Mariage juif a Mogador-fran-angl

Foreword – Besimana Tava

This work is a celebration of the past.חתונה במוגדור כתובה 1 001

The institution of marriage today is no longer what it was. In Mogador, as in the entire Jewish world, the celebration of a marriage was once so important that it took place over several weeks and monopolised the attention of the entire community.

A lyric poem glorifying marriage customs of the past in Mogador and a vast choice of ketubot, or marriage certificates, illuminated by Mogadorian artists form the basis of this book. What could be better than a poem to evoke not only the details of marriage, but also the emotions, the thrills, the tears, the laughter, in short, the very distinctive ambience of a marriage in Mogador!

Marriage in Mogador, written in the tradition of the piyout (songs of praise to G-d), was composed based on information received from the late Shlomo-Hax Knafo and his wife Esther. The illuminated ketuba is a marvellous tradition jealously kept by the Jewish community of Mogador.

During the 2000 Montreal Sephardic cultural festival la "Quinzaine sepharade", under the chairmanship of David Bensoussan a beautiful exhibition of Judeo- Moroccan ketubot, mostly from Mogador, was on display at the National Library of Quebec. Asher Knafo, himself an illuminator of ketubot, presented some of his works as well as a major unpublished poem, Marriage in Mogador. It was an astounding meeting, as Asher Knafo and David Bensoussan, each of whom had written books about their beloved city, decided on the spot to devote a book to the poem Marriage in Mogador and the tradition of illuminated ketubot.

This was the start of a fascinating adventure. During their research of the ketubot, Knafo and Bensoussan came to know a great number of families, who made available their illuminated manuscripts kept so carefully over the years, at times for over a century. These families merit our heartfelt thanks. We saw fit to include texts of Isaac D. Knafo (1912-1979), Mogadorian poet and illuminator of ketubot.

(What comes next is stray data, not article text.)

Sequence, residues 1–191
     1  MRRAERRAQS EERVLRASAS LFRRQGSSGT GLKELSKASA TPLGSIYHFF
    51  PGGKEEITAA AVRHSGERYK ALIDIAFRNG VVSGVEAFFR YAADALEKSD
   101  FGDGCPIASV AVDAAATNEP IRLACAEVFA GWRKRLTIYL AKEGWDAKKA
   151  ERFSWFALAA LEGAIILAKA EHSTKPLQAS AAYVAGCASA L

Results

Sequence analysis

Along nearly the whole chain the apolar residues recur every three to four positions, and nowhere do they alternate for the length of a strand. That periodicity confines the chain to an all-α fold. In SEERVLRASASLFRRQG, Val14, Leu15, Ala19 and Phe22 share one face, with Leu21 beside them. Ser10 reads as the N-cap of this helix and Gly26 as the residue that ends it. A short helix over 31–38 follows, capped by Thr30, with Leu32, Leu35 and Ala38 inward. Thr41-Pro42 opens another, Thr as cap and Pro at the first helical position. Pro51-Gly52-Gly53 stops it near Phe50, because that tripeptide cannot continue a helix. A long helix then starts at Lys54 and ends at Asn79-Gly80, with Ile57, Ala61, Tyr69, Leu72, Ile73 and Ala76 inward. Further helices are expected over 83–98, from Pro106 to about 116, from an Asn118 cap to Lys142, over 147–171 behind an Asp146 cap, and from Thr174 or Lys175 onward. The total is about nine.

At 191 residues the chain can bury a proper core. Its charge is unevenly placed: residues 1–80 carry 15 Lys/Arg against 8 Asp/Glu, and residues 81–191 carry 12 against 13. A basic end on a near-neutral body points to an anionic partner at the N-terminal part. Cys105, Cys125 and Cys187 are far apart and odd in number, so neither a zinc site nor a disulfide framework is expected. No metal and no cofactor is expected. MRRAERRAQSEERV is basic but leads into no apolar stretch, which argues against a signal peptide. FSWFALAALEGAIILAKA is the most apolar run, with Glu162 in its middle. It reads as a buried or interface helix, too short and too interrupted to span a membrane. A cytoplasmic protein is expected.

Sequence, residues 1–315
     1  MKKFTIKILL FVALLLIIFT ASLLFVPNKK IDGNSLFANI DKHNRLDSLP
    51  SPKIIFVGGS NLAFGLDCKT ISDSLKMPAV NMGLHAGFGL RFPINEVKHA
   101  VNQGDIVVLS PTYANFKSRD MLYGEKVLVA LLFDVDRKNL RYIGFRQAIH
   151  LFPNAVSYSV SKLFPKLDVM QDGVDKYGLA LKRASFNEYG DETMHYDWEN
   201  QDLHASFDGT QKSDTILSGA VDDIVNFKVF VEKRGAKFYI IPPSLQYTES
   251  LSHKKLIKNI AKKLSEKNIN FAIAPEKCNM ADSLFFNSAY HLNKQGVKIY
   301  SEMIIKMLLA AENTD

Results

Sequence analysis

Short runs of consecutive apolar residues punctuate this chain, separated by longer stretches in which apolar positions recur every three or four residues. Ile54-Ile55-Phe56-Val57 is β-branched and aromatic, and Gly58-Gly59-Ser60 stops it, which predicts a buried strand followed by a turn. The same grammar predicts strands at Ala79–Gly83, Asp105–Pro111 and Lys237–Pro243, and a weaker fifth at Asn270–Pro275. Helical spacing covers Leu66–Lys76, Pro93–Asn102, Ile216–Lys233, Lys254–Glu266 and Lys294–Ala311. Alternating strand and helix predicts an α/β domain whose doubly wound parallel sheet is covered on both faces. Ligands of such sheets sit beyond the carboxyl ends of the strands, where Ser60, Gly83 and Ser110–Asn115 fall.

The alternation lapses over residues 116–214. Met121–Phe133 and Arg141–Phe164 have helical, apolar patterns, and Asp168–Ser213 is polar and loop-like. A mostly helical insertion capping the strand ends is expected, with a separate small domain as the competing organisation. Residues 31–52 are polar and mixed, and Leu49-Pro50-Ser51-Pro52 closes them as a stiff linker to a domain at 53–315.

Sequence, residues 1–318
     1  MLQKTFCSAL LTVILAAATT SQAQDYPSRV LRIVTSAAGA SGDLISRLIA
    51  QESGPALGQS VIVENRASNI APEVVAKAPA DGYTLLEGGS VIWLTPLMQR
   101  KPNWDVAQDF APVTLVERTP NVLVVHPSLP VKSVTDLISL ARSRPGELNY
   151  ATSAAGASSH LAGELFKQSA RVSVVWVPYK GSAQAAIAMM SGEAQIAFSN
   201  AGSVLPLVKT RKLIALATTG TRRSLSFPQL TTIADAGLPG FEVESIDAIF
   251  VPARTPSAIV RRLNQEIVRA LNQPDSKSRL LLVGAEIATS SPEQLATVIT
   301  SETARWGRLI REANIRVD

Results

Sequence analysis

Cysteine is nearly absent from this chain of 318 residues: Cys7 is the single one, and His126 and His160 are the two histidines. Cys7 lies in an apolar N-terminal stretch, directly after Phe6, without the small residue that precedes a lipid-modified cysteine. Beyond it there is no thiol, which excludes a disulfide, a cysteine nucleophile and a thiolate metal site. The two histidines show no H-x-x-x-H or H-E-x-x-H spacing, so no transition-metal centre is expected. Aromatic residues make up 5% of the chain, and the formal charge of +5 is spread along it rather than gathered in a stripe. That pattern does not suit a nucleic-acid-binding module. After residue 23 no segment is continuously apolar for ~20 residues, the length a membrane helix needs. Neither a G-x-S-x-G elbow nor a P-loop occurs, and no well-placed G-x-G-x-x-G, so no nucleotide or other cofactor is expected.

The authors acknowledge the help of various institutions and organisations which made it possible for this project to come into being : The National Library of Quebec, the Jewish Community Foundation of Montreal, the Foundation for Sephardic Culture, the Jewish Community Centre of Montreal, The Israel National Lottery, National Library of Israel, the Israel Museum in Jerusalem, the Ben-Zvi Institute in Jerusalem, the Bernard Gallery in Tel Aviv and the Bill Gross Collection.

Rabbis Israel Maïmaran, David Sabbah and Moshé Amar also deserve thanks for their help in deciphering some difficult parchments. Special appreciation is due to Daniel Martel and Avraham Elarar for their artistic advice, Janice Rosen for her translations, Raphaël Serfaty, Marsha Bensoussan, Barry Orkin and Melina Stojanac for their linguistic revisions and Aimé Bensoussan for taking on the delicate task of overseeing the funding for the work.

The reading of the ketuba is one of the most solemn moments of the marriage ceremony. It begins with the phrase Besimana Tava – Under the sign of good fortune. May the reading of this work also be undertaken under the favourable auspices of these words : Besimana Tava!

הירשם לבלוג באמצעות המייל

הזן את כתובת המייל שלך כדי להירשם לאתר ולקבל הודעות על פוסטים חדשים במייל.

הצטרפו ל 155 מנויים נוספים

פברואר 2016
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